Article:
Friday, July 21

Cyber Mural combines art and science for interactive education


Noel Enyedy, an associate professor of education, worked with kindergartners at the UCLA Lab School for a new interactive visual teaching system called the Cyber Mural.
(Kelsey Kong/Daily Bruin)

Noel Enyedy, an associate professor of education, worked with kindergartners at the UCLA Lab School for a new interactive visual teaching system called the Cyber Mural. (Kelsey Kong/Daily Bruin)


A 5-year-old boy ran, laughing, across the room toward his friends, causing portraits of his classmates’ faces to flash up on the wall. The excited voices of kindergartners quickly filled the room.

Amid cries of “I see me,” Noel Enyedy quieted a class of 22 kindergartners at the UCLA Lab School, a school for children and a laboratory for teachers and researchers, and asked them to think about how their movements affected what appeared on the wall display.

By combining tracking devices with self-expressive images, he and his team of graduate students aim to create a collaborative learning environment in classrooms, said Enyedy, an associate professor of education. Their project, called the Cyber Mural, was tested at the Lab School for the first time last week. The idea originated last year and was funded with $250,000 by the National Science Foundation.

To create the Cyber Mural, three separate components are needed: a software to track movement on the grid, Internet connection to upload the pictures used for the mural and a program that integrates the first two pieces to create the interactive mural.

The combination of these three parts advances technology integration into the classroom to teach kids science.

The interactive mural is projected on a large surface and is artistically altered by certain movements detected by three tracking devices. For example, waving arms up and down could cause trees to appear in an image of an empty park.

The Cyber Mural can be used to teach the cause and effect of relationships in communities and natural environments. The students use a simple graph on the computer to associate different movements, such as jumping or moving the hands, with different actions in the real world, such as taking shorter showers or recycling.

With one sweep of the arms the landscape could gradually turn from a littered, barren environment to one with a healthy, thriving ecosystem. The juxtaposition is meant to teach students about the importance of caring for the natural world.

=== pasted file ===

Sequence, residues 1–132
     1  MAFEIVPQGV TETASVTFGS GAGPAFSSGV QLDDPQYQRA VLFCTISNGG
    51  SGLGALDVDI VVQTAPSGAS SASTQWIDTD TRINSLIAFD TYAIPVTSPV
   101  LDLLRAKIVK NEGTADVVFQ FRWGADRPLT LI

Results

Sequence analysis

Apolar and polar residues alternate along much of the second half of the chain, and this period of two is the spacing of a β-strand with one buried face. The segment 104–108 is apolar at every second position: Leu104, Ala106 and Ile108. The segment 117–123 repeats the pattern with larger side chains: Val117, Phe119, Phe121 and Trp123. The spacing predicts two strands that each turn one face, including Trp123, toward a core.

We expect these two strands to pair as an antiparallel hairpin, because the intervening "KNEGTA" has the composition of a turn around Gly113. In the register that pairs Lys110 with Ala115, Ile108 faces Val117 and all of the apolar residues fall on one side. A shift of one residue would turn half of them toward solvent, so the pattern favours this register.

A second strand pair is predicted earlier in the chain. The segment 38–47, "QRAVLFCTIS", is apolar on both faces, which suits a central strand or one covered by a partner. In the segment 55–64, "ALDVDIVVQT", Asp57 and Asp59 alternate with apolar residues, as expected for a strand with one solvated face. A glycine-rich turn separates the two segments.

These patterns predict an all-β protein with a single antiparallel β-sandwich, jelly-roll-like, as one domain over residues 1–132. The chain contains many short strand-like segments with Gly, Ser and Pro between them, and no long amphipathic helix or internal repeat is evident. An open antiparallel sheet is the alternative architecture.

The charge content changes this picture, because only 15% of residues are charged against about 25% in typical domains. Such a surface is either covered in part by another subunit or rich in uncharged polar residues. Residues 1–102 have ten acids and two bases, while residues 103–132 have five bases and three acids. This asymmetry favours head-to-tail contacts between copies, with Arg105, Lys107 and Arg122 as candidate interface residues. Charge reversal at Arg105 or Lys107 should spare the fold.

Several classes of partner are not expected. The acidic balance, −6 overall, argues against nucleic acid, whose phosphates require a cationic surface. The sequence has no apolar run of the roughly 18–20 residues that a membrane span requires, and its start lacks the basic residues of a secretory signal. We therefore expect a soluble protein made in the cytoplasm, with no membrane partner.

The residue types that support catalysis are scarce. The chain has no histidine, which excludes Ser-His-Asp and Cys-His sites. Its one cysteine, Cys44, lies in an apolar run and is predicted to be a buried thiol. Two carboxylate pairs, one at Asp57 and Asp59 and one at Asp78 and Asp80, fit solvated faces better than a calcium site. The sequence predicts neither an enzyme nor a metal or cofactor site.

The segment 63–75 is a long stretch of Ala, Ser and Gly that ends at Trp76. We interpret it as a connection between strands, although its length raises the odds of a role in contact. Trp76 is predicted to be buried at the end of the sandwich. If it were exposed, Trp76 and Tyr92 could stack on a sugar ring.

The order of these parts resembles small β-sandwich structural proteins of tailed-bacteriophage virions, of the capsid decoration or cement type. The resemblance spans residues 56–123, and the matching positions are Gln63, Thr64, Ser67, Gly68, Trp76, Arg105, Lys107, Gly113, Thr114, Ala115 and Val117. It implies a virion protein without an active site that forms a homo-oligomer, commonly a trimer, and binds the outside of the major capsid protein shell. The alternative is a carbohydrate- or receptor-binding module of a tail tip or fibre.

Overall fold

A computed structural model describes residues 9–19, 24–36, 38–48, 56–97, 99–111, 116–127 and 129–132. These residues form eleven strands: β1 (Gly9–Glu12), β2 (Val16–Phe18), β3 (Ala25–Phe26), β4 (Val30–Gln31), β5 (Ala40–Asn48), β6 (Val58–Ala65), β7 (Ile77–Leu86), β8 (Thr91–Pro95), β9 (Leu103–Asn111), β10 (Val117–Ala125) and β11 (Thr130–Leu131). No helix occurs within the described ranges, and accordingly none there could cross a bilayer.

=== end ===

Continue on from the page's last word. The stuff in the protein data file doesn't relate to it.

Enyedy and the other project organizers partnered with Lincoln High School for its first test trial in January of 2013.

One student used the mural to demonstrate how a park could turn out with the right amount of funding and interest, Enyedy said. With his arms by his side there was too little funding, and the park would be unusable and in poor condition. He put his arms above his head to show how too much funding would turn the park into a fancy golf course, only utilized by few. With his arms at the middle, the park was improved and multiple families could use it.

Using technology to create murals encourages students to investigate their own communities and think about relationships, Enyedy said.

From high school students to kindergartners, Enyedy said he wants to use the technology to make an artistic statement. For this to happen, more testing had to be done to debug the system.

“What we’re trying to test today besides the technology is the different types of interaction we can use to make the picture. And whether or not kids can effectively control the mural with these actions,” Enyedy said.

Two classrooms of kindergartners at the UCLA Lab School were instructed to draw self-portraits to use in the mural on a projection of a playground.

When the students walked fast, the happier portraits appeared on the image and the sadder portraits showed up when they walked slowly.

“The concept of the mural is a funky thing for kids to wrap their head around,” Enyedy said. “We want them to get familiar with making a mural before making one in conjunction with science.”

The ultimate goal is to have students come up with plans of their own on how to promote water conservation in the community and eventually use the Cyber Mural to communicate those ideas, Enyedy said.

“Technology is their generation, their life. Bringing these valuable tools into learning will help build conceptual ideas such as conservation,” said Hasmick Cochran, one of the teachers whose classroom interacted with the Cyber Mural.

The plan is to mount three tracking cameras on the walls of a community hall in the Lab School so that the Cyber Mural can be used to teach anytime without having to set up equipment each time, Enyedy said.

From the beginning, the team planned to have the Cyber Mural or a similar device eventually be implemented outdoors in a public setting where many people of all ages could see the results instead of one class.

“The Cyber Mural project began with a vision of public art in public space,” said Fabian Wagmister, a collaborator of the mural project and vice chair of the production/directing program at the UCLA School of Theater, Film and Television.

Enyedy said he hopes to see mural technology help all grade levels not only understand concepts in the classroom, but also creatively express how they can create change in the future.

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